Doug and Ian are silent.
In the final portion of the Retrospective – What can we improve next time? – Ian speaks up for the first time and complains that the responses given on the sticky notes are almost exactly the same problems the team faced last time, and the time before that as well. He quips, “Nothing ever gets better around here.” You can feel the overall morale in the room shrivel, as many silently agree.
Steve digs around in his notes and finds a few things that the team has improved in the past few months, and offers them as reminders that help keep things in perspective.
Once they refocus, the team agree to tackle two problems from the last Sprint:
- Features rejected by stakeholders in the Sprint Review
- Unit Tests that were few and far between during the Sprint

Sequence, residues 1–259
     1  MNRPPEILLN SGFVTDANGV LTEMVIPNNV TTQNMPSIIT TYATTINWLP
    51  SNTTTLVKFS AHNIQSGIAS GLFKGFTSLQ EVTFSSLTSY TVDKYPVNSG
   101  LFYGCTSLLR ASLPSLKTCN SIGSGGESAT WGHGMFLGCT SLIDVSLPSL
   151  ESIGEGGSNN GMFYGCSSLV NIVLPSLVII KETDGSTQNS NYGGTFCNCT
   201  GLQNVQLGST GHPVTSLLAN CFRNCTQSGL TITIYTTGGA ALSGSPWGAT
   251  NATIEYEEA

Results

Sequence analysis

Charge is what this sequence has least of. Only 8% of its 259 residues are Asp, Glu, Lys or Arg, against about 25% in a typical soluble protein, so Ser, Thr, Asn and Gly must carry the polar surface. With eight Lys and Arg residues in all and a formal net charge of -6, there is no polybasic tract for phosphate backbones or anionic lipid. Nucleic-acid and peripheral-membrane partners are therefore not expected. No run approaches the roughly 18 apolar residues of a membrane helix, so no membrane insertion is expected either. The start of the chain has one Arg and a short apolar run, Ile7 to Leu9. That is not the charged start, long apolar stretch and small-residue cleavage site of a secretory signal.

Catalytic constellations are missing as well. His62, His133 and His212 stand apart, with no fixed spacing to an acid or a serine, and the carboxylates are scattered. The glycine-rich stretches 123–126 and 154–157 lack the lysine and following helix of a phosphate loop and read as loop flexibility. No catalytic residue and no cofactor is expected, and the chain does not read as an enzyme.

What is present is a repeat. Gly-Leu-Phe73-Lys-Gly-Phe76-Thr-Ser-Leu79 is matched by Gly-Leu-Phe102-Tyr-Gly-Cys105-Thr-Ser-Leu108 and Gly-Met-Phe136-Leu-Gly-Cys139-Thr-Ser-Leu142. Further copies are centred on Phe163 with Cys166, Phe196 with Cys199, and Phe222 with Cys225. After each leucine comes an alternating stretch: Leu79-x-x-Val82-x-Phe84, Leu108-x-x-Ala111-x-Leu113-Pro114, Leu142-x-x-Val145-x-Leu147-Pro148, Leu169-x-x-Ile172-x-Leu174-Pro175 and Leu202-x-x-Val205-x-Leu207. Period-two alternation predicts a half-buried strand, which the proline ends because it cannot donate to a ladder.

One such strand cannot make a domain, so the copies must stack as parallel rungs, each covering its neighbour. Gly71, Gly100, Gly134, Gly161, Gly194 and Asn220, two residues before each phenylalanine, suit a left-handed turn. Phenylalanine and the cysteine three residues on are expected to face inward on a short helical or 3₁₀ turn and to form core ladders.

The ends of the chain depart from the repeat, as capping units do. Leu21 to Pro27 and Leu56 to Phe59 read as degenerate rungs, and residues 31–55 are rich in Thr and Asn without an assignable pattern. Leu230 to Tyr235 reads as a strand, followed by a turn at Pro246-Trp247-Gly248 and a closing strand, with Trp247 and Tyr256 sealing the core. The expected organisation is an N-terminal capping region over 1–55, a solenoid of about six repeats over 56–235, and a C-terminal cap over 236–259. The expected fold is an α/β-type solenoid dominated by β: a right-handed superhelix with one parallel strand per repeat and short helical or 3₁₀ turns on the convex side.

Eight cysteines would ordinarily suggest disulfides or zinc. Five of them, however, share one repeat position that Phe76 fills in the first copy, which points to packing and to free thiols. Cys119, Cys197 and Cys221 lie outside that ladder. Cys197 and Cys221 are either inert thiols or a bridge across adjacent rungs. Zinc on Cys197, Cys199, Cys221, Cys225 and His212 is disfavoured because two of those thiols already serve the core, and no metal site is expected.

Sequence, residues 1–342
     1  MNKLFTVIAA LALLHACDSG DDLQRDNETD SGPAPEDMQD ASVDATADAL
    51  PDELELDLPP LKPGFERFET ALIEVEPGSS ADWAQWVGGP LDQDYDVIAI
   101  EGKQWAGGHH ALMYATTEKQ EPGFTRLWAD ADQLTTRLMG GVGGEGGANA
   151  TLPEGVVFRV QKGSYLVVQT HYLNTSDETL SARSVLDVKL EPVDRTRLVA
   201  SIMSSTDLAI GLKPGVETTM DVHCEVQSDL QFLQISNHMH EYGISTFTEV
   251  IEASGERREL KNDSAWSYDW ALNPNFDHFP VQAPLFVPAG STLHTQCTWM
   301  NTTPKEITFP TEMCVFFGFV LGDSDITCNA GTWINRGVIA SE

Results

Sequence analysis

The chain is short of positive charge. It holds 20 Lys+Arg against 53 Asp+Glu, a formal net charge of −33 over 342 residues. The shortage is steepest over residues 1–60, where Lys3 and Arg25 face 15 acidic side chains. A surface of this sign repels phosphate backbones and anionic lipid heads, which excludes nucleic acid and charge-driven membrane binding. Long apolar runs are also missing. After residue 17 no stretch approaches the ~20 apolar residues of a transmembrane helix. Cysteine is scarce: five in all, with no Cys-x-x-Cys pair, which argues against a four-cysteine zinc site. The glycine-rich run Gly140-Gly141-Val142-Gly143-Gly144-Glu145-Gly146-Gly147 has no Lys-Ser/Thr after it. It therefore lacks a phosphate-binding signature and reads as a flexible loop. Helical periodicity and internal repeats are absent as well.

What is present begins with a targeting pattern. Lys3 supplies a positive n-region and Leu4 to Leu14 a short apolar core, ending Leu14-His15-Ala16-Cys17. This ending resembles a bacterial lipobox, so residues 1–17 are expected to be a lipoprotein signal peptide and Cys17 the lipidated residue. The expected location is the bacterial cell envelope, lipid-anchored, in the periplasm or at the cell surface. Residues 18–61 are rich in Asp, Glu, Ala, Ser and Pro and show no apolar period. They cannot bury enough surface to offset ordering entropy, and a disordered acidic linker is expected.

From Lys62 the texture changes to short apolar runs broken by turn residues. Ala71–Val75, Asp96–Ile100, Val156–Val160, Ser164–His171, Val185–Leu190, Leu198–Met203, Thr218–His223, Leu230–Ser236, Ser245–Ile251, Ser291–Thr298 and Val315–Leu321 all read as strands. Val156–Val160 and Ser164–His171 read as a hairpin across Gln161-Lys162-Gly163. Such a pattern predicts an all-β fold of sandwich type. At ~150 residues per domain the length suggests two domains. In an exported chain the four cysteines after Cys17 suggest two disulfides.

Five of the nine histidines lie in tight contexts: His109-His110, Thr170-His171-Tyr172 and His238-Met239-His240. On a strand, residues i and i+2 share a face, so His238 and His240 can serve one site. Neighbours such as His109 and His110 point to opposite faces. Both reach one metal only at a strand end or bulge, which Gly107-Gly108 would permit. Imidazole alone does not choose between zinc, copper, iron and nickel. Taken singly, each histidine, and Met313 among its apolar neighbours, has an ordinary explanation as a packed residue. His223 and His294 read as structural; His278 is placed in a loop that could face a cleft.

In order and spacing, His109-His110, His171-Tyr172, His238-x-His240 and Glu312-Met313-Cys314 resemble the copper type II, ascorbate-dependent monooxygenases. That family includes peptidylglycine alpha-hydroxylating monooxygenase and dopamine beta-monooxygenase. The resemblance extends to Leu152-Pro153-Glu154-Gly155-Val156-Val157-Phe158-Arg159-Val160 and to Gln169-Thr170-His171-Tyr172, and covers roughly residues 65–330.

They turn these problems into two improvements:
- Paula will consult more with the Stakeholders prior to Sprint Planning.
- The Team will write more Unit Tests.
Steve adjourns the Retrospective, confident that these improvements will help avoid another bad Sprint.
Credit where credit is due. For a ScrumMaster early in his journey, Steve is well-prepared. He has a plan for the Retrospective. He knows that if their manager is present, psychological safety will go out the window. He uses a silent listing activity (the Post-it® notes) to ensure that the quieter team members have voice. Hint: quieter people have just as much to contribute as the rest of the team. Their quietness is usually a sign that they don’t yet feel safe speaking up in front of the group and taking risks (this is at the core of psychological safety).